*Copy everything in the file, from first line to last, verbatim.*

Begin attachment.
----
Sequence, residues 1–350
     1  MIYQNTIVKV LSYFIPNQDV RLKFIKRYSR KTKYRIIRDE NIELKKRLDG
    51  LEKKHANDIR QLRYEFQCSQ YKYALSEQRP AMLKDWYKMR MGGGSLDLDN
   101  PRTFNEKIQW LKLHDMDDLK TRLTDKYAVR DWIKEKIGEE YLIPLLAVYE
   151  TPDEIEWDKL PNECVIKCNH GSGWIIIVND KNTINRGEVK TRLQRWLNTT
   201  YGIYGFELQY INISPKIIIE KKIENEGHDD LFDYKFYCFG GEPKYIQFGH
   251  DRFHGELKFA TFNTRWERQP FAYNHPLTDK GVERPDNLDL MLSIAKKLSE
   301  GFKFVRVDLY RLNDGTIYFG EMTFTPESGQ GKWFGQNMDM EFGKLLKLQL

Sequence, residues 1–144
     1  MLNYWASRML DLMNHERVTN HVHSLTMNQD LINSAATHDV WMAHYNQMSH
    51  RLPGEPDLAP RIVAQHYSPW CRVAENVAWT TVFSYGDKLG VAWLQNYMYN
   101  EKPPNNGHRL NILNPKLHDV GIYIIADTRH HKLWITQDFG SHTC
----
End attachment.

Sequence, residues 1–350
     1  MIYQNTIVKV LSYFIPNQDV RLKFIKRYSR KTKYRIIRDE NIELKKRLDG
    51  LEKKHANDIR QLRYEFQCSQ YKYALSEQRP AMLKDWYKMR MGGGSLDLDN
   101  PRTFNEKIQW LKLHDMDDLK TRLTDKYAVR DWIKEKIGEE YLIPLLAVYE
   151  TPDEIEWDKL PNECVIKCNH GSGWIIIVND KNTINRGEVK TRLQRWLNTT
   201  YGIYGFELQY INISPKIIIE KKIENEGHDD LFDYKFYCFG GEPKYIQFGH
   251  DRFHGELKFA TFNTRWERQP FAYNHPLTDK GVERPDNLDL MLSIAKKLSE
   301  GFKFVRVDLY RLNDGTIYFG EMTFTPESGQ GKWFGQNMDM EFGKLLKLQL

Sequence, residues 1–144
     1  MLNYWASRML DLMNHERVTN HVHSLTMNQD LINSAATHDV WMAHYNQMSH
    51  RLPGEPDLAP RIVAQHYSPW CRVAENVAWT TVFSYGDKLG VAWLQNYMYN
   101  EKPPNNGHRL NILNPKLHDV GIYIIADTRH HKLWITQDFG SHTC